Broc collapsed in a limp heap, missing the edge of the ridge and falling down the face. When he hit the incline, he continued to roll several paces before he stopped, almost at Whitstan's feet. He wasn't dead, but he couldn't move, and was struggling for breath. Whitstan quickly examined him, still very aware of her presence at the top of the ridge. Broc's neck was broken, and his lungs were not longer functioning. There was nothing Whitstan could do for him. He stood and backed away warily, listening to him die.

She crouched down low, and then jumped into the air, flapping vigorously. She flipped in mid-air and landed with a squat atop the stone slab by the bonfire. Whitstan had his sword drawn, and didn't take his eyes off of her.

If he hadn't learned to see her differently, she might have been attractive. She was shapely, after all. Her arms were smooth and soft, and her breasts, which she openly displayed, were round and perfect. Even her face was attractive. Her complexion was flawless, and her legs were long. But the red skin, the black, bat-like wings, and the pair of goat-like horns twisting up from her smooth, black hair were reminder enough of what she truly was.

She was sparsely clothed - she always was. She knew the powers her body gave her, and used them to her every advantage. So she wore nothing on her chest. Her legs were clothed in leather, stiletto boots that stretched up to her thighs, and she wore similar leather bracers wrapped around her ring finger and cut off just above her elbows. Nothing but a simple cloth and a few belts were wrapped around her groin. And branded into her abdomen, just above her belly button, was the archaic rune she carved into all of her victims - Vex.

Everything about her had a sexual air to it. Even when she attacked, she did so as she made dark love to them, preying on every primal sensation her victims possessed. Every move, every word, and every gesture were laden with seduction. Even now, gazing at him from the bloodied stone slab across the extinct fireplace, she swayed playfully and licked her grinning lips.

Whitstan set his jaw, and murmured her name between clenched teeth. "Red Vex."

She moaned, sliding her hands down the slab. "I was wondering, after all these years, if you actually did know my name."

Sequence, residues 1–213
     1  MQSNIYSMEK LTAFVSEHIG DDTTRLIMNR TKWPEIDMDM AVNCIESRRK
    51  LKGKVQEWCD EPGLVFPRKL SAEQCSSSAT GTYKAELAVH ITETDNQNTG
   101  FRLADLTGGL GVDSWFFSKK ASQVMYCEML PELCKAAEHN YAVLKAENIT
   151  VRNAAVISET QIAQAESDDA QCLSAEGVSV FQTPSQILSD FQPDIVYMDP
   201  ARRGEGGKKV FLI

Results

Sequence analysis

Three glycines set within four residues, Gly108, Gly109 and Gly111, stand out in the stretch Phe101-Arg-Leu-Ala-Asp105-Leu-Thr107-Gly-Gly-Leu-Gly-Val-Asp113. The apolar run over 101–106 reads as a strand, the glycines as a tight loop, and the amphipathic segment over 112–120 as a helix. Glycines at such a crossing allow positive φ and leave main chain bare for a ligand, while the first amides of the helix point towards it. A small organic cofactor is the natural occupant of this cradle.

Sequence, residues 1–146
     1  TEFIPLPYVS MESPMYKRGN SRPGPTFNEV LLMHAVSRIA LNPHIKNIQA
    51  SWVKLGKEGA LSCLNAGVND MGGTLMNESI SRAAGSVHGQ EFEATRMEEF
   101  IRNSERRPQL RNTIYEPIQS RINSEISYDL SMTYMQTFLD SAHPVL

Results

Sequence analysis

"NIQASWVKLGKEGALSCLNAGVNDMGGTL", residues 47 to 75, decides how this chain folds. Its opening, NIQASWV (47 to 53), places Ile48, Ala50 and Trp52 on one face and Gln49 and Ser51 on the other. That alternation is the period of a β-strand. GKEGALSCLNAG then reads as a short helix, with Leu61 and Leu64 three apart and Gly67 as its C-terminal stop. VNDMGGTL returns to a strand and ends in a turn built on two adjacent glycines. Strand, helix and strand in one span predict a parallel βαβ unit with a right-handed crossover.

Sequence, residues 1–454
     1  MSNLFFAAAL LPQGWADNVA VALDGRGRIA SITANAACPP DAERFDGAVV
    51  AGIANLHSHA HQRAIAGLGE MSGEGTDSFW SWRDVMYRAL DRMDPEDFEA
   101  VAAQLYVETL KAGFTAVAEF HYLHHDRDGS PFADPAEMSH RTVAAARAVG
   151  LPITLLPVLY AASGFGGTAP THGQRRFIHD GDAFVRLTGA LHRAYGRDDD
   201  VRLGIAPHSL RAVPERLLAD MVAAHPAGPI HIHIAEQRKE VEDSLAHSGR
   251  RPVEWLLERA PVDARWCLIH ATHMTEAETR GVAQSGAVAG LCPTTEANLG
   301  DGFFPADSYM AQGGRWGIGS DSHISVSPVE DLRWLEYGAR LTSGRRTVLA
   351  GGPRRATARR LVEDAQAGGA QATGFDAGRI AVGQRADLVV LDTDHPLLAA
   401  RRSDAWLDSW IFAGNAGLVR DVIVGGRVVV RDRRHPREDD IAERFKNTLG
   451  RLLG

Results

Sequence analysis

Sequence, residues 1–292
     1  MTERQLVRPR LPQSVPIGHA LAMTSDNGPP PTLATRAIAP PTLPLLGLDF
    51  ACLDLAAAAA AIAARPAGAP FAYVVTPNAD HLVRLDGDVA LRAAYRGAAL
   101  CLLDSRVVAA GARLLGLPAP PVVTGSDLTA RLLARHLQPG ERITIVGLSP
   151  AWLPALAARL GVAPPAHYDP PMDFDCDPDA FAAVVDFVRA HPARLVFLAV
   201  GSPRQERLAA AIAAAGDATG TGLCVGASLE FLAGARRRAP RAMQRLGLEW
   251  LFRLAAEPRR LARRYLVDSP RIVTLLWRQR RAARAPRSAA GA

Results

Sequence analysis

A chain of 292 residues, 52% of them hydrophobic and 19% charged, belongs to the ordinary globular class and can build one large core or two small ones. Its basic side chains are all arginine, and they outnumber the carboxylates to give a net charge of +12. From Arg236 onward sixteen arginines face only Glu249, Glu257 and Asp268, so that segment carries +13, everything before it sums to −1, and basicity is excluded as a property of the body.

"What's all this?" Whitstan demanded, taking slow, measured steps towards her. "Why were you so easy to track this time?"

Red Vex shrugged in mock sympathy. "Oh, you don't trust your own abilities? After all, you've been tracking me for, what is it, twenty-five years, now? Can you remember a time when you weren't hunting me down?"

"If I ever did remember, I don't have to anymore," Whitstan replied. "Your death is the reason I exist."

"And yet," she grinned, "you doubt your abilities as a tracker. Interesting." She put a pensive finger in her mouth, and licked the tip of it lightly.

Whitstan heaved the sword with a grunt in her direction, but she vaulted off the rock. The sword struck the stone and sparked. Red Vex landed, planting both stiletto heels in the ground at the same instant, some paces behind him. When he turned, she flapped her wings, dragging her feet as she was thrust back some distance. She stood upright, and her let wings relax.

"I thought that after all this time, we should get to know each other better," said Red Vex. "It's fitting, after all. I've watched you grow up, and I don't even know your name."

"You've maimed so many lives, it doesn't at all surprise me," he growled.

Red Vex pouted, putting her hands on her hips. "Aw. You're not going to tell me?"

"No. I'll speak for all the mortals you've destroyed. The whole sea of voices can be the hand that slays you," Whitstan drew back his sword.

Red Vex examined him curiously. "But . . . but one voice extends from the masses," she whispered. "Yes . . . yes, I remember you. Your father was a priest, yes?"

Whitstan froze.

"Yes," she grinned, showing her unusually pointed teeth. "Yes, that's it. Priest of the Light. Oh quite. The Zakarum - Salvation of the East. The religion is, in truth, another level of control instituted by petty men, but that's another story. But yes, your father, the priest . . . I can't recall his name, now."

"Gathak," Whitstan whispered, barely audible.

Her demonic senses, however, picked up on it. "Of course, Gathak, how could I forget." She turned her gaze to him. Her eyes gleamed with pleasure. "A man weak in spirit and flesh. It took very little effort to turn him over to my way of thinking." She began to gesticulate. "The philosophy, if you'll permit, of chaos and anarchy, and its inevitable consumption of this, and many other worlds. That when all is said and done, it shall be destruction, terror and hatred left rampant upon this dying world. He became quite intrigued by these ideals. He embraced a life without rules, and without regulation."